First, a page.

Another Shark Week has come and gone, and even though the summer staple won’t hit your TVs again until August of next year, you can relive all the awkward moments of Shark Week’s biggest release in “Shark of Darkness: The Wrath of Submarine,” now available for digital download or instant video. This is another one of Discovery Channel’s attempts to follow up on “Mermaids: The Body Found,” by releasing a pseudo-science documentary on cryptid creatures, this time a great white shark who supposedly stretches past 30 feet in length. While “Mermaids” benefited from really good production values and a semi-believable actor/scientist, “Shark of Darkness” doesn’t even attempt to make you believe- just suckers you in with the concept and then consistently insults your intelligence. It’s not even enjoyably bad, just plain bad.
I really liked “Mermaids.” You don’t watch these sorts of things for the science, but damned if it didn’t seem almost believable. Apparently, judging by the angry feedback that Discovery Channel received for weeks after the airing of the special, many people did believe it. One imagines the bigwigs at Discovery cackling behind closed doors at the gullible nature of the public. The several other mockumentaries that have been released since then were almost inevitable, including an eye-rolling “extended cut” of Mermaids. And now, here is Shark of Darkness. Where the mermaids documentary actually came up with a scientific backstory for their existence, this one doesn’t bother.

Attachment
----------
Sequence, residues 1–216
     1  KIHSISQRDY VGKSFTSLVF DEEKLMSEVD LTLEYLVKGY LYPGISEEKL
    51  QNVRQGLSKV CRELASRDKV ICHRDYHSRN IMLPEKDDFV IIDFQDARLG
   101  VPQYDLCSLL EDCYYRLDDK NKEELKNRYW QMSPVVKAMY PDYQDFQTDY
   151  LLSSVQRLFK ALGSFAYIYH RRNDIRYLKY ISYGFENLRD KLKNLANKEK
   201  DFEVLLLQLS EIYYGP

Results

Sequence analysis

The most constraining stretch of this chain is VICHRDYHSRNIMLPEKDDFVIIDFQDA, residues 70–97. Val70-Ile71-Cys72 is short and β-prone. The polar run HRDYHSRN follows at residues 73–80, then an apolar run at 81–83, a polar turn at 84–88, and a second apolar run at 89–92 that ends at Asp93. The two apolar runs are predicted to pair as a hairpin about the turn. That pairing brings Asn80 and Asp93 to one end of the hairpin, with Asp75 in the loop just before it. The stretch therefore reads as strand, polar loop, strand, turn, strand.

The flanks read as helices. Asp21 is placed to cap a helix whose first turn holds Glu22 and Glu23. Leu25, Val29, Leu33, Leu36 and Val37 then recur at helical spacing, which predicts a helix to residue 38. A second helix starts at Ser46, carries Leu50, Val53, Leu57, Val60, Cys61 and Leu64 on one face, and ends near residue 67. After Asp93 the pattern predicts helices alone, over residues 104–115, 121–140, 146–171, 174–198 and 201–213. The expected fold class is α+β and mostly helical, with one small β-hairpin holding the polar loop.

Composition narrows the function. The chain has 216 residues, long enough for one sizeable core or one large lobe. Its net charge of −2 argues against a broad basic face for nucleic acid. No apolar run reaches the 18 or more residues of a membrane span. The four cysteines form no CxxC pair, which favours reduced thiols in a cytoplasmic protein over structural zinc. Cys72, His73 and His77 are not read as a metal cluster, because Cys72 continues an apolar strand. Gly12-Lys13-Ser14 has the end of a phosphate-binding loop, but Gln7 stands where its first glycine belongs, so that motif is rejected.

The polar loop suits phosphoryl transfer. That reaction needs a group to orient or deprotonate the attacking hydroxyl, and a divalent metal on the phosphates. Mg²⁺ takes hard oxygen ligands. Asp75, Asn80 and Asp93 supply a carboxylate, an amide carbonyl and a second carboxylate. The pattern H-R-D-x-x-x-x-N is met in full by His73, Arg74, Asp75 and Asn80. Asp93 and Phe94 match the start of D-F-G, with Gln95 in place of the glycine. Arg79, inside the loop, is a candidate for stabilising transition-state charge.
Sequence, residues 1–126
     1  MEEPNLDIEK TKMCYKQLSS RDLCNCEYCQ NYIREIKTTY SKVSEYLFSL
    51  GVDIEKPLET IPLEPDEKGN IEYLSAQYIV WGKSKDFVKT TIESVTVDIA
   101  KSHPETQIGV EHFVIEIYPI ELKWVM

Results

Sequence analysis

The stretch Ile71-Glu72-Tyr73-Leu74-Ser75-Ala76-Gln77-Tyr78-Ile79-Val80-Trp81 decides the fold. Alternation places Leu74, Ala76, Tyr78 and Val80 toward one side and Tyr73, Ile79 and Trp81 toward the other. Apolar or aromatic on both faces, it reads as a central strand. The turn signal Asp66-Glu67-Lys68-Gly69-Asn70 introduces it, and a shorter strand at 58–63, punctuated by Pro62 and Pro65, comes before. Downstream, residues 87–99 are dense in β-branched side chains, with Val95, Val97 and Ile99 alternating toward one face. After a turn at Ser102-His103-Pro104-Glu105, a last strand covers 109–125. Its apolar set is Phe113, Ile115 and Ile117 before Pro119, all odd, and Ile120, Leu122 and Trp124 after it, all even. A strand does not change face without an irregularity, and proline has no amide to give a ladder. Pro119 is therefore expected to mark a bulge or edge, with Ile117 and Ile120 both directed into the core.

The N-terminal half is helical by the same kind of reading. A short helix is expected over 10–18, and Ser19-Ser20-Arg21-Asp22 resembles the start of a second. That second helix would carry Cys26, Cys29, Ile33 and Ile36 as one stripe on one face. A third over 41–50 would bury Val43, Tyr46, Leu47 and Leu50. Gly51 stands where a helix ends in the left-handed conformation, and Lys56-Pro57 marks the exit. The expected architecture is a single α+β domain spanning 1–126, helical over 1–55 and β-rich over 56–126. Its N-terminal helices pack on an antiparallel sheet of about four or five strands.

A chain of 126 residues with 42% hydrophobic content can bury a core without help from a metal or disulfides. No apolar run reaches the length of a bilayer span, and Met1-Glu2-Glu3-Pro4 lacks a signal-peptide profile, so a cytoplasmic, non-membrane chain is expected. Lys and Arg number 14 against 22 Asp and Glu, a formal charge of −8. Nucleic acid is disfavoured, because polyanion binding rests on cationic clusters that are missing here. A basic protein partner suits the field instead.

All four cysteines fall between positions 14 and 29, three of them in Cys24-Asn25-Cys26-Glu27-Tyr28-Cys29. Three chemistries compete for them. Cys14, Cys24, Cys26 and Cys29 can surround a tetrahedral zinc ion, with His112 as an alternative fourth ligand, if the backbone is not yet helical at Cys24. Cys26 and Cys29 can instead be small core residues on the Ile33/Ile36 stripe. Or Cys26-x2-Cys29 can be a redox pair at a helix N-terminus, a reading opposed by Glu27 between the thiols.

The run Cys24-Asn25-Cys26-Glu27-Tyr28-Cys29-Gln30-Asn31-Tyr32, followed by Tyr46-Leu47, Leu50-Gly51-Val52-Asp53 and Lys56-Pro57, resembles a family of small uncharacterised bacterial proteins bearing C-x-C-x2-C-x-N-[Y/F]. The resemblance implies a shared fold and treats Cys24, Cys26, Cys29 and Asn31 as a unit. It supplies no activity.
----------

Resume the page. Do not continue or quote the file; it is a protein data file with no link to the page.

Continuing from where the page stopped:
The plot is the barest of bare-bones: a group of whale-watching sightseers have their trip cut short when their boat goes down and they are systematically picked off by a huge unseen creature. Enter the scientist, who has been pursuing evidence of “Submarine” (named for his gargantuan silhouette) for years, and is determined to prove, through the footage recovered from the tourist’s video cameras, that this monster shark exists.
The special effects are abysmal. The intention was obviously to mimic “Jaws” (just like every other shark movie) by showing Submarine as little as possible, but even when he does rear his head, the only thought in my mind was that Discovery Channel really should invest in better Photoshop programs. It was a struggle to finish this special. Apparently the filmmakers thought so as well, because there never is a real ending to “Shark of Darkness.” An ending would indicate that there had been some linear storyline in the first place.
Another aspect which sinks the special early on is the consistent repeating of information. The scientist character keeps repeating himself, and all the “eyewitness” accounts say the same thing, in the same words. It’s as if they ran out of steam (and script ideas) very quickly, and made the spectacularly dumb decision to keep milking the same plot points, as if over-exposure makes them scarier. Discovery Channel has quite plainly opted against educational programs about shark conservation and understanding at this point, with over half of their Shark Week lineup comprised of mockumentaries and pseudo-science nonsense. I love a good, well-done deception as much as the next person, but at this point, it’s time for Discovery to throw in the towel and go back to doing what they used to do best: filming documentaries about the real-life sharks that inhabit the oceans.